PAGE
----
Grackles review 1917

Directed by Sam Mendes

Reviewed by Scott Ray and Charlie Riccardelli 

World War I, also known as the Great War, may as well be a forgotten war as far as cinema is concerned. Though chronicled in 1920s/1930s cinema like All Quiet on the Western Front, Wings, and Grand Illusion, World War II swept it away as a relevant topic for films, especially as film served a more propagandistic role by this era, and more veterans came home from that war to tell their stories on the big screen. In recent years, though, filmmakers like Steven Spielberg and Peter Jackson have returned to these forgotten stories for the screen. Now with 1917, director Sam Mendes (American Beauty, Skyfall) has made his boldest film yet, war drama told to be in real time and appear as one long take to put audiences right in the middle of the hell any soldier in battle must experience.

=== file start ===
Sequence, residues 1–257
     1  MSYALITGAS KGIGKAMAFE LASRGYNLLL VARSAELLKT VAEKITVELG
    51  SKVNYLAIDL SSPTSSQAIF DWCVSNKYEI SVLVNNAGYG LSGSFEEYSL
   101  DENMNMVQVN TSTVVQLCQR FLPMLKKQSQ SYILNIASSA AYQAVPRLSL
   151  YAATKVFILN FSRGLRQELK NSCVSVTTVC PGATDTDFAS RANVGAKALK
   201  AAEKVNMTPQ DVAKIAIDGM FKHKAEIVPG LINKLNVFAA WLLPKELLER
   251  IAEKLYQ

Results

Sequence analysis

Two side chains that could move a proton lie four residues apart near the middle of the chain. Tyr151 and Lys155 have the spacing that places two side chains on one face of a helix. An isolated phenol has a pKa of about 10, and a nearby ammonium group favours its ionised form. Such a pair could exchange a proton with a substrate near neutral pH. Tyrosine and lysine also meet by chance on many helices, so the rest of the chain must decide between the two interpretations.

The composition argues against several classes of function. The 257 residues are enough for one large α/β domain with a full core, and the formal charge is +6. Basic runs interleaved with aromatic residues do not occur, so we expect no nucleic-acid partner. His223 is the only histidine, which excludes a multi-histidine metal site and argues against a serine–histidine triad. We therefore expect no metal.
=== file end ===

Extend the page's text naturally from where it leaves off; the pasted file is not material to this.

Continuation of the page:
1917 follows British soldiers Blake and Schofield in northern France at the height of the war. A General informs Blake (Dean-Charles Chapman) to hand-deliver a message to the commanding officer of the 2nd battalion that they are walking into a trap. As an incentive, Blake is told that his brother, a member of that battalion, will likely be one of many casualties if the message doesn’t reach the front in time. Blake brings along his friend Schofield (George MacKay) in their race against the clock across battlefields, fallen cities, and enemy territory to pull off a seemingly impossible mission.